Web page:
Variance Analysis • Variance analysis • Identifies the general causes for the total flexible budget variance by breaking it down into separate price and quantity variances for each production resource • 2 possible reasons why actual cost may differ from flexible budget cost for a given amount of output produced: • Difference between actual price and standard price • Difference between actual quantity and standard quantity
Variance Analysis • Unfavorable and favorable variances • Unfavorable variances occur whenever the actual prices or usage of inputs are greater than standard prices or usages (variances are + ve) AP > SP, AQ > SQ • Favorable variances occur whenever the actual prices or usage of inputs are less than standard prices or usages (variances are – ve) AP < SP, AQ < SQ • Favorable and unfavorable variances are not equivalent to good or bad variances. Must investigate underlying reasons for variances.
Variance Analysis • Why separate total variances into price and quantity variances? • Separate variances that are subjected to a manager’s direct influence from those that are not • Excessive focus on variances can lead to dysfunctional behavior • Decision to investigate • Rarely will actual performance exactly meet established standards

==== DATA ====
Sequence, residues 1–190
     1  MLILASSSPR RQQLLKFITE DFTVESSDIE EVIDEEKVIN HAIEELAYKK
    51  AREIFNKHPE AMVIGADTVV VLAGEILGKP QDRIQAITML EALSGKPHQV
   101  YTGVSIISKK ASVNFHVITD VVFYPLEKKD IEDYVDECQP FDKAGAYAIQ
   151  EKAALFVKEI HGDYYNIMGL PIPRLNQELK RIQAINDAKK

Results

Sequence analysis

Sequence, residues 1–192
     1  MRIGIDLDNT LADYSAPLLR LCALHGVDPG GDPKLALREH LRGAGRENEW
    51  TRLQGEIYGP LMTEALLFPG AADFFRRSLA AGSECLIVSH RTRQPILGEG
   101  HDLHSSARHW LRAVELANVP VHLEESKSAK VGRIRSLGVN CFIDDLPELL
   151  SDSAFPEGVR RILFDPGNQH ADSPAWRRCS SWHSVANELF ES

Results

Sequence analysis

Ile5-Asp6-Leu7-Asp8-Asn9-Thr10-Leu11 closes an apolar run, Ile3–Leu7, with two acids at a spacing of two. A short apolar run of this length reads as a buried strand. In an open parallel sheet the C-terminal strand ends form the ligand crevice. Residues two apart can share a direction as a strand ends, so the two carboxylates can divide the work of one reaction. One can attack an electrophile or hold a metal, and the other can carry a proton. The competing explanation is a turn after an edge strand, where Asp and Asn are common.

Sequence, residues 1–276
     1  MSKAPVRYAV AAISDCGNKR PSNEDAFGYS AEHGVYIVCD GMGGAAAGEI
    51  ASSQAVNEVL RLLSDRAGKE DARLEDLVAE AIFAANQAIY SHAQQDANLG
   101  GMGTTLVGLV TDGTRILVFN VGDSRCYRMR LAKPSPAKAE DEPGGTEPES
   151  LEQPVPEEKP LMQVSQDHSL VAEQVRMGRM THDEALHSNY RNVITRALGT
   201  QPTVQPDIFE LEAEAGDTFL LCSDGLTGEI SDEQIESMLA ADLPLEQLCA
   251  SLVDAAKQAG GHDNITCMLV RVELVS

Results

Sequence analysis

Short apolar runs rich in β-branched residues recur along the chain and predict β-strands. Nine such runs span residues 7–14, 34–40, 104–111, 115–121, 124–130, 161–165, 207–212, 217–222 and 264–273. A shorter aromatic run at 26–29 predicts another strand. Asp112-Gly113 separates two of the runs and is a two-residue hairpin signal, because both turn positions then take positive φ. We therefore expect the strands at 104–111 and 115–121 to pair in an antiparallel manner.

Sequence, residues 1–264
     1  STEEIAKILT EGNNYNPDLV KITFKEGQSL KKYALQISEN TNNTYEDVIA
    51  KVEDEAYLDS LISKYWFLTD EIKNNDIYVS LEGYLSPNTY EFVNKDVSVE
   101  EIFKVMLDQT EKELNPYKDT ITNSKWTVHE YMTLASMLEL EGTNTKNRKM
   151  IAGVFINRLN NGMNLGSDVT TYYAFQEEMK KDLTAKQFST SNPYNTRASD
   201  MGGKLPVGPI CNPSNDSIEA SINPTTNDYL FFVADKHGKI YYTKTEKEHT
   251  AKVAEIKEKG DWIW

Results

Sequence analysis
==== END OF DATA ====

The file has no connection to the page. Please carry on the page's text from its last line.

Variance Analysis • Management should develop an acceptable range of performance. • When variances are within this range, they are assumed to be caused by random factors. • When variances are outside this range, they are assumed to be caused by nonrandom factors and these variances should be investigated. • Controllable: Corrective actions/Affirmative actions • Uncontrollable: Revise standards • Management should also consider costs and benefits of investigating variances.
Variance Analysis: DM Actual Quantity of Input at Actual Price AQ x AP Actual Quantity of Input at Standard Price AQ x SP Standard Quantity of Input at Standard Price SQ x SP Price Variance AQ x (AP - SP) Usage Variance SP x (AQ - SQ) Budget Variance (AQ x AP) - (SQ x SP)